German agency BioNTech stated Friday it was racing to ramp up production of its Covid-19 vaccine in Europe, to fill the "gap" left by the dearth of different accredited vaccines.
The vaccine developed by BioNTech and its US associate Pfizer was the primary to be accredited within the European Union in late December.
Countries together with Britain, Canada and the United States accredited the Pfizer/BioNTech vaccine earlier and have since additionally greenlighted jabs by US agency Moderna or Oxford/AstraZeneca, leaving the EU's inoculation drive lagging behind.
"The current situation is not rosy, there's a hole because there's an absence of other approved vaccines and we have to fill this gap with our vaccine," BioNTech co-founder Ugur Sahin informed Der Spiegel weekly.
Criticism of the sluggish tempo of Europe's vaccine rollout has grown louder in current days.
In Germany, the place the main target has been on inoculating aged individuals in care houses, senior medical doctors have complained that hospital employees are being left ready for his or her jabs regardless of being within the precedence teams.
'Basket of suppliers'
France has seen related complaints, prompting the federal government to announce that well being staff aged over 50 may get the shot from Monday – prior to initially deliberate.
Part of the issue is that the EU positioned a comparatively low order of 300 million doses for its 27 member states, and the contract was solely signed in November, later than different international locations.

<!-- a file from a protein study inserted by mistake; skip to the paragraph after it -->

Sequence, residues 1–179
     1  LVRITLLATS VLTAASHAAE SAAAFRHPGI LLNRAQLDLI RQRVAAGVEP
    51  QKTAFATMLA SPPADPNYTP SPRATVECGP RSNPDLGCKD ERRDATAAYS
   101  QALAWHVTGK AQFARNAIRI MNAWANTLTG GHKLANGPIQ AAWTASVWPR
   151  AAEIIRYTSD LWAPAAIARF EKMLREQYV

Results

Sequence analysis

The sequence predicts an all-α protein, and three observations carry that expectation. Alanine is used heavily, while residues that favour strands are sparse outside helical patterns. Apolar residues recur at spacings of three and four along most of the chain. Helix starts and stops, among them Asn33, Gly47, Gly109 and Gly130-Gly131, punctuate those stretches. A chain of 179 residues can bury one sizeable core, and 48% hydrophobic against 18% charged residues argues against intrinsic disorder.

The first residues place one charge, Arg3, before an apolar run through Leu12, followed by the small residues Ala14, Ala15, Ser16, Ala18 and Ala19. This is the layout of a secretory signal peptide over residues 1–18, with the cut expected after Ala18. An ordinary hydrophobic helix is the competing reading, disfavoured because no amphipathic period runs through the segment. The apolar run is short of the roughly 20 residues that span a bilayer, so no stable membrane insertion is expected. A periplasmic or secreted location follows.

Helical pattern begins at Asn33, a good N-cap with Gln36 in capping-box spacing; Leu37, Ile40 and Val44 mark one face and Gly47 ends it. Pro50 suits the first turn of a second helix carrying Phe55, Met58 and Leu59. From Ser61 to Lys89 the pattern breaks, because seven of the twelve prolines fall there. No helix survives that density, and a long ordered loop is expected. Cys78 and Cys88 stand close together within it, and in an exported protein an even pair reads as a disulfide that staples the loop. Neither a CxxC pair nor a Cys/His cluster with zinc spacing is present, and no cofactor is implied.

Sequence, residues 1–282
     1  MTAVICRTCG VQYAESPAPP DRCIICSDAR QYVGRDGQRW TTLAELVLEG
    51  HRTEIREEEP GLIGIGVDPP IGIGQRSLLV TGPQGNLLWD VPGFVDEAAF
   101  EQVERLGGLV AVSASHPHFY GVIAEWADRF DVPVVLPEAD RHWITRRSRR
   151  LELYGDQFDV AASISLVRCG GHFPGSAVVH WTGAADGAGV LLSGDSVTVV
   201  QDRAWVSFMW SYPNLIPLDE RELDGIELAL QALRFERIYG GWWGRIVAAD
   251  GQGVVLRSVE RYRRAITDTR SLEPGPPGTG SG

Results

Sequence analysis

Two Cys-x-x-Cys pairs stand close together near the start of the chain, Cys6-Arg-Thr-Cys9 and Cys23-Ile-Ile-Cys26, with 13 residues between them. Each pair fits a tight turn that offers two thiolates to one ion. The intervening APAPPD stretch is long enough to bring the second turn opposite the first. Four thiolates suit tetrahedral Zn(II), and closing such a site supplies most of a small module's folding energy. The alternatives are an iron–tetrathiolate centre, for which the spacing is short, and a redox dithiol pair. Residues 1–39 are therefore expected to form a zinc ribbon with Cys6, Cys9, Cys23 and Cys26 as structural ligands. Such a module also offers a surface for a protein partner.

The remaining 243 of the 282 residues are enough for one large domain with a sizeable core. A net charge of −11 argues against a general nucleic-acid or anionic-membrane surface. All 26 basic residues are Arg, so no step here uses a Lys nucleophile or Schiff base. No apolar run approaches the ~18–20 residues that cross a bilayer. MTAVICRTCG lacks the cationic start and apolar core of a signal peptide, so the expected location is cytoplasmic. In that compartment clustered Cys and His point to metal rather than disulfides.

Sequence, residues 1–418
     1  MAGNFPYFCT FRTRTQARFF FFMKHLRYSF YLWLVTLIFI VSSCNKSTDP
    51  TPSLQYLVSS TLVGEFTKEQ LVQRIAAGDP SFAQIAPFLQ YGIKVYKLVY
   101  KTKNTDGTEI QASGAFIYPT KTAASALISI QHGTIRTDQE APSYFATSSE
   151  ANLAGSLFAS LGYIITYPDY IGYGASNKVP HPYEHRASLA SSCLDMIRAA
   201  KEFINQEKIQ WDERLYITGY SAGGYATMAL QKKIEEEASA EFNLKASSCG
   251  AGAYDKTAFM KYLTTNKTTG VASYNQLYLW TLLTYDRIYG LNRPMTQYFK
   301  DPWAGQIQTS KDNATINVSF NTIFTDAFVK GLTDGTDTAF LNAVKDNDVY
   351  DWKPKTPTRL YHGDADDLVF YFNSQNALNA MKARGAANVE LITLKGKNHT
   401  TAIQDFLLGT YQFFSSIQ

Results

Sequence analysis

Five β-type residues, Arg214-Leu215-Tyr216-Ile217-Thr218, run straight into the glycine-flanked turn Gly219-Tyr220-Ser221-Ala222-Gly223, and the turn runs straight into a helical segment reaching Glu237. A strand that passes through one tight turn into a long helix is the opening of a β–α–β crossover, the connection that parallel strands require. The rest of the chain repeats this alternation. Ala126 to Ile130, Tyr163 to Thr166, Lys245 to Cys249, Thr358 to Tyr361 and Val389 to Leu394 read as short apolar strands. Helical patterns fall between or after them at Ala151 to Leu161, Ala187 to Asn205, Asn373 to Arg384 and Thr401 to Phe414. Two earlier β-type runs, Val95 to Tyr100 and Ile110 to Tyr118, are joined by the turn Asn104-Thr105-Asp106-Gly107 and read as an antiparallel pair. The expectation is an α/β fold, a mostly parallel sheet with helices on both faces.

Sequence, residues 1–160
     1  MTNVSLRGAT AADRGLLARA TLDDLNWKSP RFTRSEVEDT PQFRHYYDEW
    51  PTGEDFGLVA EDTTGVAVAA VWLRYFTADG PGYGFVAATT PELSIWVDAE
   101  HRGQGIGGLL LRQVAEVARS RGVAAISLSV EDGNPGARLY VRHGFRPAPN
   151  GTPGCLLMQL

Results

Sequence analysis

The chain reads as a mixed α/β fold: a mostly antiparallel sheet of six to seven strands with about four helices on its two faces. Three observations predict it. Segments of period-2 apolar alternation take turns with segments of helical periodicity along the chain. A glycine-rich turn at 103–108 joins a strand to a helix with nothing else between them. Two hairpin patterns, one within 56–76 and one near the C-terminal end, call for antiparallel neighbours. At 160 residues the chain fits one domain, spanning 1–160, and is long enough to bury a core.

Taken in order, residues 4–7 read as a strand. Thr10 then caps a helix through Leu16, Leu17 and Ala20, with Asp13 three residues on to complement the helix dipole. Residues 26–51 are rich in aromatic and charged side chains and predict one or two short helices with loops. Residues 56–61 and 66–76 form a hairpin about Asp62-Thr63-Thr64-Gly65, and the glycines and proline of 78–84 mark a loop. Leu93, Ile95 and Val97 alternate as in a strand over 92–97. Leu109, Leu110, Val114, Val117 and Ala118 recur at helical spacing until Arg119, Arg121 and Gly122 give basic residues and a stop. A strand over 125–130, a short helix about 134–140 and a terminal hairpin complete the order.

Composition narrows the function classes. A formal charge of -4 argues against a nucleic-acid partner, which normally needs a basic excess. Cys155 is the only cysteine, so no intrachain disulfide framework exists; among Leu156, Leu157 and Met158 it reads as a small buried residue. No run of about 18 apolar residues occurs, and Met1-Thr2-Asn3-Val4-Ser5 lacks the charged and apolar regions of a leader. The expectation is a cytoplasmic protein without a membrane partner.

Fellow BioNTech founder Ozlem Tureci informed Spiegel that the EU had assumed there could be "a basket of different suppliers" to select from, given the worldwide race to develop a pandemic-ending jab.
"Such an approach makes sense. But then at some point it became clear that many would be unable to deliver quickly."
Sahin stated BioNTech aimed to get a brand new manufacturing facility within the German metropolis of Marburg up and operating in February, "far earlier than planned", that ought to then have the opportunity to churn out an extra 250 million doses within the first half of 2021.
Tureci stated they’d additionally struck offers with 5 pharmaceutical producers in Europe to improve production, and negotiations with different specialised corporations are ongoing.
"By the end of January we should have clarity on what and how much more we can produce," Sahin stated.
BioNTech and Pfizer had been initially aiming to ship 1.3 billion doses worldwide this yr, sufficient to immunise 650 million individuals.
based mostly on web site supplies www.rte.ie